Hello Pizza is out of control delicious. And trust me, I wanted to be a hater.
I love pizza. Like sandwiches, pizza, to me, is the perfect food. I love old school New York slices, like the kind you get from the dude with the cart behind Port Authority for $2 - and that includes a can of soda. I do not approve of frou-frou toppings and combinations meant to bring pizza to a level that implies silverware must be used to eat it.
White pizza, unless done well, is dumb – it’s really just garlic bread with some flair. Pizza with no cheese should not be called pizza – it should be called bread with stuff on it. Don't mess with my pizza. So Korean pizza? What does that even mean?
Brandon Tak is a pizza god. That’s what it means.
Hello Pizza offers a take on the traditional pie that even an east coast pizza cynic can appreciate. Tak told me that the combinations and menu choices are typical for pizza in Korea. Was I the only one who didn’t know this?
Let me explain what I ate. Looking at the menu, I saw the usual suspects: Cheese, pepperoni, Hawaiian. But then, there was Bulgogi and Kim Chi? What? Sour cabbage pizza? I realized that I was going to have to go all out to fully experience what this place was about. Tak, who had been seated at a table dining with his wife and cute-as-can-be little boy, patiently waited while I read the menu over and over again. I left it up to him. He suggested the Potato Gold.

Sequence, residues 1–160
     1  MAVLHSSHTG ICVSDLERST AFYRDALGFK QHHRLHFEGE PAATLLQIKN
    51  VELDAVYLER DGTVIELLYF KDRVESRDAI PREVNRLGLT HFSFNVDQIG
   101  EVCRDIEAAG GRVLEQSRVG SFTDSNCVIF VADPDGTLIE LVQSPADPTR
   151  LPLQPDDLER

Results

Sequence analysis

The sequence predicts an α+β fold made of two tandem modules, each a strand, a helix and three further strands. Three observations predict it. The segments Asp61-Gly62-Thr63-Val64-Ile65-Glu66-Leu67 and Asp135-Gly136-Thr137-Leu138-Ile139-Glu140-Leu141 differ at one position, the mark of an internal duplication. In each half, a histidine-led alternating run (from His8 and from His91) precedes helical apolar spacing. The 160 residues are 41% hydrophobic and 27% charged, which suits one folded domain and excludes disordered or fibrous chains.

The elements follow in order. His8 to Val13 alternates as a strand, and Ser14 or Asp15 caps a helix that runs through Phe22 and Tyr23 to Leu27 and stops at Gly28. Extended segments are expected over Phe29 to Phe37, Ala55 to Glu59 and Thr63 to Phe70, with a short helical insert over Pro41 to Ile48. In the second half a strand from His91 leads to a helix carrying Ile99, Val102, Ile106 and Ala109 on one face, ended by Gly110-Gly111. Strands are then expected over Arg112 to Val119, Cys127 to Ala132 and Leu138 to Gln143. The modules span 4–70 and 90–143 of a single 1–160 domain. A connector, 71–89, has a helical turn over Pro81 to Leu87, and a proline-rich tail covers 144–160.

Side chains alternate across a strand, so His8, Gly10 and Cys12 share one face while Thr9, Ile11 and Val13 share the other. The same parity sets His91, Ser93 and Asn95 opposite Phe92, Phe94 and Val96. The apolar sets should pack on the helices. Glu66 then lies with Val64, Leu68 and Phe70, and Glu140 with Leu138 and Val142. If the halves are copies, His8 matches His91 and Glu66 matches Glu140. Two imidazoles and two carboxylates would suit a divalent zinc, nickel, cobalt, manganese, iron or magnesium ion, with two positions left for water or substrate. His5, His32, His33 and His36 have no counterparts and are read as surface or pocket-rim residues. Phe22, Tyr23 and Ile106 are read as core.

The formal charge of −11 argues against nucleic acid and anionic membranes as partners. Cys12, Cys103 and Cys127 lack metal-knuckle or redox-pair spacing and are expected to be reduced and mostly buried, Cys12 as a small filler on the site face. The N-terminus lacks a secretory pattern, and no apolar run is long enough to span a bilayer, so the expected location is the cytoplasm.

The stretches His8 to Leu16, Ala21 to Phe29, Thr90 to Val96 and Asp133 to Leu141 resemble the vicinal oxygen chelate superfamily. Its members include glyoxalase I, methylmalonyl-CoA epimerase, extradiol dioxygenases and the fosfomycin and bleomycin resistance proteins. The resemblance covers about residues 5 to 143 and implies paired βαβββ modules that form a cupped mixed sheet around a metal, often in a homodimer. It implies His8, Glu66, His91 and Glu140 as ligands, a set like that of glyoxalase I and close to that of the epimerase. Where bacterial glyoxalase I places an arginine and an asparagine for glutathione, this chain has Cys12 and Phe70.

Potato Gold listed tomato sauce, sweet potato mousse, mushrooms, ground beef, corn, onion, potato, cheddar, bacon, sour cream, and nacho chips as ingredients. Sweet potato mousse? Nacho chips? Sounded like frou-frou with a side of white trash. Being from New Hampshire, I could get with that.
I expected the meal to turn into one of those Amazing Race challenges, where players toss back sheep brains by downing full glasses of water with each bite.
Instead, I want to move in to Hello Pizza and eat every meal there.
Despite the ingredients, Hello Pizza doesn’t overdue it. The flavors combined and blended. The crust, nice stone-ground whole wheat, was light and toasty. The sauce was just enough, not dripping off and almost not noticeable, which worked for this selection. I expected everything to be piled on to the crust haphazardly. Instead, the pizza was a work of art, chips placed sparsely to add a bit of crunch, bacon lay across spuds like a bar-menu potato skin, and sour cream drizzled just lightly on top of it all. It looked as pretty as it tasted.
Best of all, it wasn't greasy. So a person who consumed an entire pie by herself - not saying I did such a thing - wouldn't feel guilty.
Or perhaps the best part was the crust. Instead of doughy fluff, the sweet potato mousse was shot inside, adding a savory, light treat to the end of each pizza slice. Pastries made of the crust alone could sell out at fancy bakeries.
Tak makes your pizza himself. He works every day. His wife, Helen, waits tables with their son, Harry, happily riding along in a carrier on her back. The space is shiny and dark, but in an upscale way. Hello Pizza runs special deals and donates to local schools. And the walls are covered with pictures from kids' pizza parties.
Tak wants his guests to come to Hello Pizza to “make a memory.” Smiling, he told the story of how a school kid wrote an essay about his summer vacation, with the best part of that whole summer being the time he spent making a pizza at Hello Pizza. That’s what Tak likes. “A happy story,” he said.
2261 Foothill Blvd.